Carolina Hurricanes Power Play Needs a Face Lift

RALEIGH, NC - MAY 16: Dougie Hamilton #19 of the Carolina Hurricanes shoots the puck in Game Four of the Eastern Conference Third Round against the Boston Bruins during the 2019 NHL Stanley Cup Playoffs on May 16, 2019 at PNC Arena in Raleigh, North Carolina. (Photo by Gregg Forwerck/NHLI via Getty Images)
RALEIGH, NC - MAY 16: Dougie Hamilton #19 of the Carolina Hurricanes shoots the puck in Game Four of the Eastern Conference Third Round against the Boston Bruins during the 2019 NHL Stanley Cup Playoffs on May 16, 2019 at PNC Arena in Raleigh, North Carolina. (Photo by Gregg Forwerck/NHLI via Getty Images) /
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The Carolina Hurricanes are struggling to find consistency on the man advantage, but a fresh structure and a few new faces could be the answer.

The Carolina Hurricanes need to address their inefficient power play. At times both last postseason and this preseason, the units on the ice appeared to be thinking too much. They were trying too hard. The result is a loss of fundamentals and lack of confidence.

The Hurricanes managed just 2 power play goals in 25 attempts (0.08%) this preseason. There are a lot of moving pieces and trial and error moments on the power play during preseason, so the successes and failures must be taken with a grain of salt.

Inefficiency throughout the preseason is alarming. In searching for a potential solution, I find it more valuable to assess what is not out there consistently than what is. For me, that would be a 3 forward and 2 defender set up. While most teams will run 4 forwards and 1 defender out on the man advantage, I think the Hurricanes could actually benefit from dipping further into their talented pool of defenders.

My idea for each of the Hurricanes’ power play units is predicated on the importance of the connection between defender and forward, both on their off hand. We also have the personnel to be advantageous with cross ice passing.

There is a clear PP1 and PP2, but we’ll call them by the key player names for now. One of the units would be the Dougie HamiltonAndrei Svechnikov line. The other unit would be the Jake GardinerMartin Necas line.

In the spirit of keeping things simple, the Hamilton – Svechnikov tandem would be accompanied by Sebastian Aho, Teuvo Teravainen, and Jaccob Slavin. There is no sense in overthinking here. Put the best overall forwards with the best overall defenders. Make the opposition worry about both a Hamilton and Svechnikov one-timer. Make them fear the Finns’ presence, too.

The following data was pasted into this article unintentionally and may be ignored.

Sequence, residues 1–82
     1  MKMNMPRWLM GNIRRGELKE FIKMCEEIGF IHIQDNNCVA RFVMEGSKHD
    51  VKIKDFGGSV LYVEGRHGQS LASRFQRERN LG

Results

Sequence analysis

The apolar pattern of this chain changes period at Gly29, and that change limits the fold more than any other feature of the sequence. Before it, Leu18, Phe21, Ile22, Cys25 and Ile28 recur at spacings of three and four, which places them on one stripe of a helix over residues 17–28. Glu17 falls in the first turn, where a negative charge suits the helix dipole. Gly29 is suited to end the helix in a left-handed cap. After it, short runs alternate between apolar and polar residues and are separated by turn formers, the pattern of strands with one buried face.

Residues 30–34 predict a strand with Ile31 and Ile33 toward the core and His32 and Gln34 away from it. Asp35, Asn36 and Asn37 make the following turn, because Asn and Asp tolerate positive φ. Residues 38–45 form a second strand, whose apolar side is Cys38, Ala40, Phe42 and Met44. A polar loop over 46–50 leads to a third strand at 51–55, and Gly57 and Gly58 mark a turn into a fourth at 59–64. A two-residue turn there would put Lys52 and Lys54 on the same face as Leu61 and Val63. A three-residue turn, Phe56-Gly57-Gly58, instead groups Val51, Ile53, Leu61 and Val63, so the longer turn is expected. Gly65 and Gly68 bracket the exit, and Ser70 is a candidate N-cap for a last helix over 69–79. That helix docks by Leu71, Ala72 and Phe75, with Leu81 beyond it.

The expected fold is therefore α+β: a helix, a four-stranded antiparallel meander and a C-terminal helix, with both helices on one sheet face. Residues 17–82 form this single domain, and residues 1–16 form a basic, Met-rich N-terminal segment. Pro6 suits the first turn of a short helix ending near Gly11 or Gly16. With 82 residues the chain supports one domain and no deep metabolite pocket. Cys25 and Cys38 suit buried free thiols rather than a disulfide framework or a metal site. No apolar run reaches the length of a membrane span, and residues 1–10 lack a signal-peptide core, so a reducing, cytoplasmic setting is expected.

The Gardiner – Necas line is the same in theory. When he’s not throwing pinpoint saucer passes, Necas can occasionally shoot from the left circle like he did in Charlotte. Gardiner will get pucks toward the net from the point. The complimenting players would be Erik Haula, Ryan Dzingel, and Brett Pesce.

What excites me here is the speed potential. If this isn’t the fastest line in the league, they’re darn close. Haula and Necas have shown chemistry early on, and that could be exciting if Haula comes close to his 29 goals posted in his last full season. Dzingel potted 26 last season, too. With that kind of finishing prowess, Necas will have a field day threading passes knowing they’ll be on net quickly.

I include Pesce because he adds poise and an extra right shot. A composed and steady player like Pesce could balance a unit with two freewheeling playmakers in Gardiner and Necas. As last season wore on, he grew increasingly comfortable with his offensive upside and used his silent wrist shot, another sneaky power play weapon. He’s quietly talented. Here’s an offensive flash of Pesce taking ankles last Sunday. The guy had a family, man.

What we have for a potential power play solution is one blueprint. We use more of our talented defensemen because they’ve proven capable in all three zones. We dropped Aho and Teravainen on to the penalty kill last season based on this logic. In theory, we could try the same with Slavin, Pesce, and the power play. Each unit has it’s own quirks, though.

What I mean by “quirk” when referencing the Hamilton – Svechnikov unit is that the goal is to simply overpower the opposition with our most gifted players. The combined hockey IQ and creativity of this unit is a lot of fun to ponder. The heavy shots that compliment it don’t hurt either.

Carolina Hurricanes
Carolina Hurricanes /

Carolina Hurricanes

The Gardiner – Necas unit offers a ton of speed and two 25+ goal scorers. The potential is there for plain one timers, cross ice setups, and silent wrist shots from the point. I like to call the one unit fearsome and this unit quick. But, both have the same basic structure.

Honorable mentions go out to Nino Niederreiter and Lucas Wallmark. It feels strange to not include Nino’s shot and board play on a unit, but that’s the price of dipping into your uniquely deep defense pool. I really like Wallmark, too. Nearly every aspect of his game is underrated, and a quarter of his points last season (28) came on the power play. I wouldn’t be opposed to him getting a look.

I understand that this won’t be everyone’s cup of tea. A 3 forward, 2 defender setup is pretty obsolete. There’s also the fact that this approach is undoubtedly top-heavy.  When you watch the team put up a 9.6% conversion rate in the postseason, and then they follow it up with 8% efficiency the following preseason, you start to think way outside the box.

Then again, the Carolina Hurricanes rolled a basketball hoop on to the ice last season. So, there might not be an idea deemed too crazy. Especially if it might result in power play consistency.

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Question for CC Readers: If it were up to you, what would you change about the Carolina Hurricanes power play?